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Rustic getaway in Mendocino County

  • Visitors pay for their goods at the Apple Farm on the honor system, but the farm dog is keeping watch in the Anderson Valley on Thursday, August 16, 2013.

    (photo by John Burgess/The Press Democrat)

The bucolic vineyards, sheep ranches and apple orchards of Anderson Valley often race by in a blur as drivers navigate Highway 128 on their way to the Mendocino coast.

But as more wineries plant grapes in the valley's cool climate and new restaurants open their doors, the rural valley is gaining a reputation as a destination.

"We're getting a lot of day-trippers from Sonoma (County)," said Jim Roberts, owner of The Madrones in Philo. "I had guests check in today who said, 'We've passed through so many times. ... We just wanted to stay this time.'"

Exploring Anderson Valley


The Madrones — a complex that encompasses four guest rooms, four wine tasting rooms, a gift shop and the new wood-fire restaurant Stone & Embers — is located in what's known as the "deep end of the valley," a prime grape-growing region for cool-climate varietals such as pinot noir and gewurztraminer.

According to Roberts, winemakers in Mendocino County tend to be independent-minded. Far from the pressures of Sonoma or Napa counties, they are free to follow the fruit and the climate, resulting in unique wines. And the ambiance is decidedly down-to-earth.

"Travelers are searching for a region that's not quite developed and still feels rural," he said. "You can meet the winemakers, and tasting fees range from nothing to $5."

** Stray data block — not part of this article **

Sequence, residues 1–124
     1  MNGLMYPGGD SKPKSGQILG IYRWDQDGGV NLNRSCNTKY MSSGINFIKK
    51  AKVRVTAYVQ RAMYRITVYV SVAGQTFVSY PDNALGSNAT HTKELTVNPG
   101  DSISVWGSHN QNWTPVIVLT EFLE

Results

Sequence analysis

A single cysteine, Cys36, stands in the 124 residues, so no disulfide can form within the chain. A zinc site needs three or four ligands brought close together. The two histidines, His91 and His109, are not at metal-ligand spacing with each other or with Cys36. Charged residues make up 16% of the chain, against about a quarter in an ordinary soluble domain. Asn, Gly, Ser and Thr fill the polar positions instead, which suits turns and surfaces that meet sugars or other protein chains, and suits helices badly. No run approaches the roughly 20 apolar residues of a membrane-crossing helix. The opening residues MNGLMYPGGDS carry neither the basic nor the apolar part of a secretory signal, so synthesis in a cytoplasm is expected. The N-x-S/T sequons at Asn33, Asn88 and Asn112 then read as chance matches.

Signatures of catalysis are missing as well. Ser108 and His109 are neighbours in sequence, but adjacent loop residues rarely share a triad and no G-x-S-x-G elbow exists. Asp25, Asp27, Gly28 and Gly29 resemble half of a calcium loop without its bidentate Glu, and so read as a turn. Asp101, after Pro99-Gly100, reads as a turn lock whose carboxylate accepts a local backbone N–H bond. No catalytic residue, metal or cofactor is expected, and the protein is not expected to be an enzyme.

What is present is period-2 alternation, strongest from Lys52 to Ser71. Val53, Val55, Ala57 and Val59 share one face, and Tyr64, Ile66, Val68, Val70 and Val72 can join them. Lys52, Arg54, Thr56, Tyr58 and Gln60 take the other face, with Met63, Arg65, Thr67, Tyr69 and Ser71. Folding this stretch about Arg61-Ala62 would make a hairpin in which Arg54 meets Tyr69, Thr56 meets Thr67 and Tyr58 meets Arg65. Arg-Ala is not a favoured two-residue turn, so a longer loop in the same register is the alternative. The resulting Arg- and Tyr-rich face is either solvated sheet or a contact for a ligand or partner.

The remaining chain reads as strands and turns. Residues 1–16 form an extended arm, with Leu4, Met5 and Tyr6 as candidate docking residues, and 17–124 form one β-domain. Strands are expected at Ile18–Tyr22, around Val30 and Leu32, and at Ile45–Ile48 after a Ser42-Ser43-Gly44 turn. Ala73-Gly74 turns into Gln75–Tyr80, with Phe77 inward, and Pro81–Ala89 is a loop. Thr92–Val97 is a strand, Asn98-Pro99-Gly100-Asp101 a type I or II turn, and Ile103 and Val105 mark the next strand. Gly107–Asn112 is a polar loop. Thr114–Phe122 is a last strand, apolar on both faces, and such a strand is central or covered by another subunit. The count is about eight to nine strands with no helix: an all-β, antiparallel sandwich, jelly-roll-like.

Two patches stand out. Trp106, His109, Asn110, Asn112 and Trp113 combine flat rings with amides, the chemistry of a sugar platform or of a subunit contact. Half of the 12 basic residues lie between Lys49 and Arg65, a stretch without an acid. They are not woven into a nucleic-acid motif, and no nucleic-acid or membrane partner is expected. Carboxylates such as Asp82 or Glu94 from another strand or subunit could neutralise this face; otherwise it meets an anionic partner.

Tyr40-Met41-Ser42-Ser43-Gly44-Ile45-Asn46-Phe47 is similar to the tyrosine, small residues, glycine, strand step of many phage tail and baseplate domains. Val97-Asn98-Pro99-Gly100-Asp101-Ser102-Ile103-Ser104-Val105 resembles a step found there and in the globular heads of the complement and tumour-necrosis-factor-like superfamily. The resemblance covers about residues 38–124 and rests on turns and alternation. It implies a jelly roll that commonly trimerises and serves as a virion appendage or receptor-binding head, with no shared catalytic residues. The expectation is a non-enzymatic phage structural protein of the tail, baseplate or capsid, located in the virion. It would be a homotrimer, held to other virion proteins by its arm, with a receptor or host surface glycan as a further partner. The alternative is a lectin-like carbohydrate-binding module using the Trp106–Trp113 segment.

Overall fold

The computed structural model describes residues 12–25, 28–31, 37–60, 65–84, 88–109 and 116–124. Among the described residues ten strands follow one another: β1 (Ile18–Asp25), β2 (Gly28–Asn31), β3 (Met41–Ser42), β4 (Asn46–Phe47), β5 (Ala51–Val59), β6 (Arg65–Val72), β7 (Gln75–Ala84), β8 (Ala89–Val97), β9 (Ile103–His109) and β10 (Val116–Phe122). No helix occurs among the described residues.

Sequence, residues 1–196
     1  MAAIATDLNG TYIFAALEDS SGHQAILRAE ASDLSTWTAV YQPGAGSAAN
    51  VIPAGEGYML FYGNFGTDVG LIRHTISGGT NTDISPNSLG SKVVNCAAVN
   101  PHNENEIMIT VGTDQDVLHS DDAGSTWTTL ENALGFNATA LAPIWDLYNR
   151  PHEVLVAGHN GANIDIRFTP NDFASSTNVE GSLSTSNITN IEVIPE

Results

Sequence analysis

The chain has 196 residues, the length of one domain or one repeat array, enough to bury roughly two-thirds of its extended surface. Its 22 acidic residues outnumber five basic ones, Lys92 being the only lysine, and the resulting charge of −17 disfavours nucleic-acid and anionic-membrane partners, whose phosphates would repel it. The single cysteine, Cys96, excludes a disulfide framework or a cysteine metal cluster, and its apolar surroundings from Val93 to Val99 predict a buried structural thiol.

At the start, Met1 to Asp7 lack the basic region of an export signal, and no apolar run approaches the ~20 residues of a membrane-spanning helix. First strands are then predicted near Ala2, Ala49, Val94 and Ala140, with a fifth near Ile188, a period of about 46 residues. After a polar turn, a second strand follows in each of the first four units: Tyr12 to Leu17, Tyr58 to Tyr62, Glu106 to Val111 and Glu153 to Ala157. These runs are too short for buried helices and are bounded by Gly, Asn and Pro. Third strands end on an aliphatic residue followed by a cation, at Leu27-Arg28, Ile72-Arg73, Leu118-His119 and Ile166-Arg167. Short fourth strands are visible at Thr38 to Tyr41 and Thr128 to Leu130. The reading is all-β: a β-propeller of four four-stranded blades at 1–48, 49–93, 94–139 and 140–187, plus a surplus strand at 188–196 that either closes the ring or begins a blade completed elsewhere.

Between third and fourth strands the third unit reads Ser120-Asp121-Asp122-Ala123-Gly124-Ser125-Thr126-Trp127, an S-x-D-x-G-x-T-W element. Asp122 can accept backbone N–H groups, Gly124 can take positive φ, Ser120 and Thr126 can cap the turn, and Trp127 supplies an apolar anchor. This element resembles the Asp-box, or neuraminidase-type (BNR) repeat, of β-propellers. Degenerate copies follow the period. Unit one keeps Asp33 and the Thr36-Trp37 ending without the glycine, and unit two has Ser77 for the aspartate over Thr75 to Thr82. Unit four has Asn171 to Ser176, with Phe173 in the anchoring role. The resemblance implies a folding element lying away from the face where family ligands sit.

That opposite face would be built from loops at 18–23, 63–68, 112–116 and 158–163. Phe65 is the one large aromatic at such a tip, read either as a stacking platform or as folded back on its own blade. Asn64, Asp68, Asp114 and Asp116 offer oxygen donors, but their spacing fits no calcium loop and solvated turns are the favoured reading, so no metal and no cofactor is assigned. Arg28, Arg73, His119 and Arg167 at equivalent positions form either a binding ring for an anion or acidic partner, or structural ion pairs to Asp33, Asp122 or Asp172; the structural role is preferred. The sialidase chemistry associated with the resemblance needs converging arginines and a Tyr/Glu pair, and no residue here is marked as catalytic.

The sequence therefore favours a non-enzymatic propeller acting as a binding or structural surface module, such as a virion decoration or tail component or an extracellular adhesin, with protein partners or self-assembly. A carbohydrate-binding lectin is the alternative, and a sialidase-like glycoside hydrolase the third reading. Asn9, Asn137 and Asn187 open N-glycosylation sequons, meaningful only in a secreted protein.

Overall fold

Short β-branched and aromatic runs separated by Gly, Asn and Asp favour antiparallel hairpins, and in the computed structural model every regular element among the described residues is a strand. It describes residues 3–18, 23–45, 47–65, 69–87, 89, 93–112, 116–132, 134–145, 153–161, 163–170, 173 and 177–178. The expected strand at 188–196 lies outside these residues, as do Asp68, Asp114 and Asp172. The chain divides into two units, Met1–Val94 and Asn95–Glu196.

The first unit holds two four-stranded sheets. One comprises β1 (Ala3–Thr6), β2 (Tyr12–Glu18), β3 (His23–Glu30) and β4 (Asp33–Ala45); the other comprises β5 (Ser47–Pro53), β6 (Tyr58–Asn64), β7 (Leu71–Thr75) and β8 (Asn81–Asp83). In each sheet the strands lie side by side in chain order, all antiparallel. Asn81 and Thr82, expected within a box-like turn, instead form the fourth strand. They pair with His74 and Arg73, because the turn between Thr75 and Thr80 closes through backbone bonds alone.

At old favorites like Roederer Estate, Navarro and Husch wineries in Philo, you can sip delicious sparklers, pinot noirs and chardonnays while soaking in the views and the rustic charm. But more adventurous types may want to seek out under-the-radar, boutique wineries, such as Toulouse Vineyards, Balo Vineyards and Esterlina Vineyards in Philo.

If wine is not your thing, there are lots of other things to do, including beer tasting. Just outside of Boonville on Highways 253 and 128, the Anderson Valley Brewing Company offers two daily tours plus an 18-hole disc golf course.

"We've got 30 acres of land," said Rebecca Toohey, tasting room manager at the brewery. "And some real enthusiasts on the staff."

Tours start in the hops field, then wend their way through the brewhouse and the cellar. Afterward, you can taste a few of the 20 beers on tap, including small-batch brews not found anywhere else.

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